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ASU emeritus professor, colleague receive Aminoff Prize from Royal Swedish Academy of Sciences


Professor Michael O'Keeffe

ASU Emeritus Regents' Professor Michael O’Keeffe (left) receives the Aminoff prize from His Majesty King Carl XVI Gustaf of Sweden, with Professor Omar Yaghi observing.

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April 12, 2019

The Royal Swedish Academy of Sciences has just awarded the 2019 Gregori Aminoff Prize in Crystallography to ASU Emeritus Regents' Professor Michael O’Keeffe and Professor Omar M. Yaghi, of the University of California, Berkeley, “for their fundamental contributions to the development of reticular chemistry.” The honor was personally awarded by His Majesty King Carl XVI Gustaf of Sweden.

“This is a well-deserved achievement by one of our most famous scholars,” said Professor Neal Woodbury, director of the School of Molecular Sciences in The College of Liberal Arts and Sciences at ASU. “Professor O’Keeffe has performed decades of groundbreaking work on the fundamental structure and properties of molecules and materials. He has been a pioneer in the creation of materials made from linking molecular building blocks into porous frameworks, a field that has been used to develop everything from catalysts to materials for specific chemical separation processes.”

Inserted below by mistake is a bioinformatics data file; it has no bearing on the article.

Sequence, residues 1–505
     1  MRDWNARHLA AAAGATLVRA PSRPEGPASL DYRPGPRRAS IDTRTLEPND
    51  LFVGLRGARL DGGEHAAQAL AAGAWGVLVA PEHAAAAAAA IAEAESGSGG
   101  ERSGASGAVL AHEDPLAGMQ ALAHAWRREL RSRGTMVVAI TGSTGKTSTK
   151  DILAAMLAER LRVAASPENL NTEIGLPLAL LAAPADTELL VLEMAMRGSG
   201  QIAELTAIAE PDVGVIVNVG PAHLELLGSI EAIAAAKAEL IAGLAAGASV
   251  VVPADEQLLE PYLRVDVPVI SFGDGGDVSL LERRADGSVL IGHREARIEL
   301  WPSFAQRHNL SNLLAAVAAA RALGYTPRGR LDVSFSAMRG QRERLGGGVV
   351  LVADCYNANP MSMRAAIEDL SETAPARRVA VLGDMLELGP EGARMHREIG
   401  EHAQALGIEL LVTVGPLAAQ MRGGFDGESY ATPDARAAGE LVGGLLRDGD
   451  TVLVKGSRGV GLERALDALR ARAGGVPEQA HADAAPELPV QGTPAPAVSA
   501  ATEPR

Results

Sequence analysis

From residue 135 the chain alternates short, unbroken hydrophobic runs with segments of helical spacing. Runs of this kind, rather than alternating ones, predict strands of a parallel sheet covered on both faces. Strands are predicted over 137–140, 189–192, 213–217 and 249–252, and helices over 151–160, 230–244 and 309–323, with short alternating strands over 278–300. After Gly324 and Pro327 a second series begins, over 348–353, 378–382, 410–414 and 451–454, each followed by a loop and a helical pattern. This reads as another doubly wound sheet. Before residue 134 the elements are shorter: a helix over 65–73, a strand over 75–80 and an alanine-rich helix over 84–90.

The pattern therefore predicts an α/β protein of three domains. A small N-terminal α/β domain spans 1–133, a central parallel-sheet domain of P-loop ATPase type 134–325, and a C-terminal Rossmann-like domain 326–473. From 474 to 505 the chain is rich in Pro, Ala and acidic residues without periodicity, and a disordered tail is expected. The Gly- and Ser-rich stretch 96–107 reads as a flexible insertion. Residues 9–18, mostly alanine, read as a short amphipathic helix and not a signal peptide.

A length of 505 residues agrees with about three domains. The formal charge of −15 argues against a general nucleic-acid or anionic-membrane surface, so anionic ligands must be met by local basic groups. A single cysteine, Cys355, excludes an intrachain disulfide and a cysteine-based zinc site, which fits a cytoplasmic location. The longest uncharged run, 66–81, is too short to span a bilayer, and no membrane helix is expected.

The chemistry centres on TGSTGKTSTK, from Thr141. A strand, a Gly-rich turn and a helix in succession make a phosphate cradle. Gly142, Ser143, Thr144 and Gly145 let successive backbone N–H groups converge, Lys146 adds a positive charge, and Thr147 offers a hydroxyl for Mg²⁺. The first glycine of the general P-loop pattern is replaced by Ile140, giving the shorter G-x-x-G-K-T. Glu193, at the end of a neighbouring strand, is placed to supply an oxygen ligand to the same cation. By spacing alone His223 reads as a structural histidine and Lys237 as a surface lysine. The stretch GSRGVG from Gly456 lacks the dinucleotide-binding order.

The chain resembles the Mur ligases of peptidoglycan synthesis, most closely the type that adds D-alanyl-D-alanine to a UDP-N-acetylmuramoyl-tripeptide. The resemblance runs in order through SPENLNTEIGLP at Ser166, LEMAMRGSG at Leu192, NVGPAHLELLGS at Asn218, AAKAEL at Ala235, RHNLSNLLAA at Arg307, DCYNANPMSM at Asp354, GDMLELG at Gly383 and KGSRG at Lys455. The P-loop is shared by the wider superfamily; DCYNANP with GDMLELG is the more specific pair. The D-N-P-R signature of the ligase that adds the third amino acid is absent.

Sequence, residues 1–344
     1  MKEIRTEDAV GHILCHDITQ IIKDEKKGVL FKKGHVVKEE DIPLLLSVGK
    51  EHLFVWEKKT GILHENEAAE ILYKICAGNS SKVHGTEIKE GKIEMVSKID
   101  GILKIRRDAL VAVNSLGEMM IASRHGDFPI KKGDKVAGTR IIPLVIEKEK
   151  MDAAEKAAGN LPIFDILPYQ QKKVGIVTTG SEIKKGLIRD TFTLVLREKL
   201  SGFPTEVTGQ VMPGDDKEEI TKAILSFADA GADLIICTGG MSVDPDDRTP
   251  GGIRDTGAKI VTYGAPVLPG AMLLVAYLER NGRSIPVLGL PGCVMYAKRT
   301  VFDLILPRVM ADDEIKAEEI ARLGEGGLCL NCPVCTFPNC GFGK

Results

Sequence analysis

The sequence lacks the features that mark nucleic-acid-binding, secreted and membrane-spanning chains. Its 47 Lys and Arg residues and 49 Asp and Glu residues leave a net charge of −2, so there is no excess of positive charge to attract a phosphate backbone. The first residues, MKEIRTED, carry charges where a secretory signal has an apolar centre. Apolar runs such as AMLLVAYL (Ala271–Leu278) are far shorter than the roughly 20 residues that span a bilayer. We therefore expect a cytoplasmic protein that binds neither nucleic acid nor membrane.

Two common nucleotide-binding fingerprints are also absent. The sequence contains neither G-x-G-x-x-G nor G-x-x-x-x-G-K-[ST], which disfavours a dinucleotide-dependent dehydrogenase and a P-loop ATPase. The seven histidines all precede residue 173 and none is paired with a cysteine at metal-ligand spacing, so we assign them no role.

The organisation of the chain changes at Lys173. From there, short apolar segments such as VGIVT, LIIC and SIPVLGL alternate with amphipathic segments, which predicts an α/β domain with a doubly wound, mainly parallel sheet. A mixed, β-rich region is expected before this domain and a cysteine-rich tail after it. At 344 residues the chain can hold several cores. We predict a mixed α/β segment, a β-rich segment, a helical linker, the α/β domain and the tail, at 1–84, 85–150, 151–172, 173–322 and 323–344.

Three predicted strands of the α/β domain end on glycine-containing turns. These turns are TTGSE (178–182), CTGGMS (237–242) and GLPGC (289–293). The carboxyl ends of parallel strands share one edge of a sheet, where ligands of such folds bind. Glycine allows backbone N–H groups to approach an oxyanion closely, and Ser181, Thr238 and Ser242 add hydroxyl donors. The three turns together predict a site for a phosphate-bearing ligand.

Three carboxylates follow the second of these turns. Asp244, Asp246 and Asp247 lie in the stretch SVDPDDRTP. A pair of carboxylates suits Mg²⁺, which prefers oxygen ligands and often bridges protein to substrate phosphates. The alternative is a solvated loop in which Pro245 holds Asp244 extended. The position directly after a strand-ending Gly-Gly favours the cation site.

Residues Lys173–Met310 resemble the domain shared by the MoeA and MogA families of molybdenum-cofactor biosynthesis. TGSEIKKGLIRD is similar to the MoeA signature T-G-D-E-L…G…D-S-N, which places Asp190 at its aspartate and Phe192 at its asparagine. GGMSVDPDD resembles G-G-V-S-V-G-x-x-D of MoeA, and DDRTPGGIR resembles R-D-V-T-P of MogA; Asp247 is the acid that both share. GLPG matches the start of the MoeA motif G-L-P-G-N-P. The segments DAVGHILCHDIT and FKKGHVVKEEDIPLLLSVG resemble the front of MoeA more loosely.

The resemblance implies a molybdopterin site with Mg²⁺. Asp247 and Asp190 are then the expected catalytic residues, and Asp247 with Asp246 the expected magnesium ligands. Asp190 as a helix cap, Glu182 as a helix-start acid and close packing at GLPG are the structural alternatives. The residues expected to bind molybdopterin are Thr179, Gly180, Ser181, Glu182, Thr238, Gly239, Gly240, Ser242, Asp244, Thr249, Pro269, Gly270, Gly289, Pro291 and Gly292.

Metal-organic frameworks, universally called MOFs, are a relatively new class of crystalline materials with unprecedented porosities and capacities to absorb gases, with many practical applications.

MOFs and their properties were discovered in the late ‘90s at ASU by Yaghi and his group. Yaghi was joined by O’Keeffe in developing the theory and practice of synthesis of MOFs with designed structure and properties — reticular chemistry.

Yaghi and O’Keeffe were both ranked in the top three on the world list of most frequently cited chemists in the decade ending in 2011.

“What has been most remarkable to me in MOF chemistry over the years was the constant Greek chorus saying that ‘It can’t be done,'" O'Keeffe said. "But subsequent history has been an illustration of the truism 'never say never.' Naysayers can only be proved wrong.”

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